girdles and fever may be associated.


What are the causes of Cranial Arteritis / Giant Cell Arteritis?

Inflammation involves the arterial media and intima (layers within the blood vessel
wall).  Infiltration by
mononuclear cells is typically associated with giant cells
(immune and inflammatory cells).  
Intimal damage leads to formation of thrombi
(blood clots), which usually become organised and there may be severe damage to
the
internal elastic lamina, sometimes going on to complete destruction.  Healing is
by
fibrosis (scarring), particularly of the media, thickening of the intima, and partial
re-canalisation of the thrombus (blood clot).
The risk of blindness makes it essential to start treatment early.  Systemic
corticosteroids (starting with 60 mg/day)
a high (> 60 mm / h)
ESR.  Corticosteroids are usually
quickly effective and should be continued until the
ESR falls to normal

Lesions skip short lengths of an artery and a biopsy should be at least 3 cm long.

Corticosteroids, typically high-dose prednisone (40 – 60 mg BD), must be started
as soon as the diagnosis is suspected (even before the diagnosis is confirmed by
biopsy) to prevent irreversible blindness secondary to
ophthalmic artery occlusion
(blockage).

Steroids do not prevent the diagnosis from later being confirmed by biopsy,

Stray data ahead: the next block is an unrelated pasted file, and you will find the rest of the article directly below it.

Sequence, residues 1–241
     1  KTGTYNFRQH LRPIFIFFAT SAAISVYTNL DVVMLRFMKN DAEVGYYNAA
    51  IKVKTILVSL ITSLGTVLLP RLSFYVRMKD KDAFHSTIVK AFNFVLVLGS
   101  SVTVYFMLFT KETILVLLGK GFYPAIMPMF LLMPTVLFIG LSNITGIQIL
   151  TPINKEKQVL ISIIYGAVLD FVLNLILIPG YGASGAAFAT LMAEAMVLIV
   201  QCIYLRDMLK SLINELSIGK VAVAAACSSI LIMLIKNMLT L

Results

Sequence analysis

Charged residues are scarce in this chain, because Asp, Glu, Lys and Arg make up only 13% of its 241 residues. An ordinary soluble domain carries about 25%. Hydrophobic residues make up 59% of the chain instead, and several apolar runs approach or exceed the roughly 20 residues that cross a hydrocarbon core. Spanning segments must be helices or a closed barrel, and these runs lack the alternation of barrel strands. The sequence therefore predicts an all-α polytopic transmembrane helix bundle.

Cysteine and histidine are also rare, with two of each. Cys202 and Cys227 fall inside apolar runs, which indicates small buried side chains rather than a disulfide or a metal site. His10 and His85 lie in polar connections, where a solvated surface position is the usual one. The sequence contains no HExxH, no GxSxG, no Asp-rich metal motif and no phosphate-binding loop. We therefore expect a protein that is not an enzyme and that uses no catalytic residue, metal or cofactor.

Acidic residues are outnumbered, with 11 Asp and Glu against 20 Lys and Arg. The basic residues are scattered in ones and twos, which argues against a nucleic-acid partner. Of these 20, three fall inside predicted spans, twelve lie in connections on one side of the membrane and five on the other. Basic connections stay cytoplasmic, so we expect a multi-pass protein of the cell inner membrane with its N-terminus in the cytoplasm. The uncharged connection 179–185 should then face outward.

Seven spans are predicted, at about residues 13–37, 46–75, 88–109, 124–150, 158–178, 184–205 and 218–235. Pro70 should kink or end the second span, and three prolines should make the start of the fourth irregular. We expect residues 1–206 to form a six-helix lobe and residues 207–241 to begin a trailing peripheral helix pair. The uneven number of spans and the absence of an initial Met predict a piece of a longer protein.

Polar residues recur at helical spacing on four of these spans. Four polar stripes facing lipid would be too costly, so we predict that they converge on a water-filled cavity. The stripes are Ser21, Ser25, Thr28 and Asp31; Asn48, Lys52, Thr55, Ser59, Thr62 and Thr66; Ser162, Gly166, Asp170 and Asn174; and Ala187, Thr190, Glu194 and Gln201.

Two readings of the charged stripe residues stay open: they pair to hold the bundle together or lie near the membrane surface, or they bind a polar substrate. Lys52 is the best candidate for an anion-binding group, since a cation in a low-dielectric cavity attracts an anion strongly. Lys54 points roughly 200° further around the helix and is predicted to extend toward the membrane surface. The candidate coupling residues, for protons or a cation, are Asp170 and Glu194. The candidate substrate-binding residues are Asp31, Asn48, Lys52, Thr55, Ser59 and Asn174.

although certain changes in the histology may be observed towards the end of the
first week of treatment and are more difficult to identify after a couple of months.

The dose of steroid, such as
prednisone is lowered after 2 – 4 weeks and slowly
tapered over the course of 9 – 12 months.  Oral
steroids are at least as effective
as intravenous
steroids, except in the treatment of acute visual loss where
intravenous
steroids appear to offer significant benefit over oral steroids.


Useful Websites:

Dept of Ophthalmology & Visual Sciences, University of Iowa Healthcare

Wikipedia

Emedicine (Dermatology)

Emedicine (Radiology)

Emedicine (Emergency Medicine)

Emedicine (Neurology)

Emedicine (Pathology)

Emedicine (Rheumatology)

Emedicine (Temporal Artery Biopsy, Clinical Procedure)

American Academy of Family Physicians

Mayo Clinic

Net Doctor

NHS Clinical Knowledge Summaries


Useful Articles:

Ottawa Head Ache Clinic.  Temporal Arteritis.

J American Medical Association 2002.  Temporal Arteritis.

MJA 2002.  Lessons from Practice - Lingual Arteritis In An Elderly Woman.

Orphanet Encyclopædia 2003.  Giant Cell Arteritis.

J Chin Med Assoc 2005.  Temporal Arteritis.

OT 2005.  Giant Cell Arteritis - Emphasis on the Temporal Artery Biopsy.

JCDA 2008.  Point of Care.  Question 1.  What is the Rôle of the Dentist in the
Early Diagnosis of Temporal Arteritis.

EULAR Recommendations for the Management of Large Vessel Vasculitis 2008.

BSR and BHPR Guidelines for the Management of Giant Cell Arteritis 2010

Map of Medicine 2010.  Temporal Arteritis - Giant Cell Arteritis (Suspected)

BDJ 2012.  Letter to Editor.  Undiagnosed Temporal Arteritis

BJOMS 2012.  Short communication.  Giant cell Arteritis — An Incidental Finding

Dent Update 2013.  Giant Cell Arteritis Affecting the Tongue - A Case Report &
Review of the Literature
Last Updated 22nd January 2016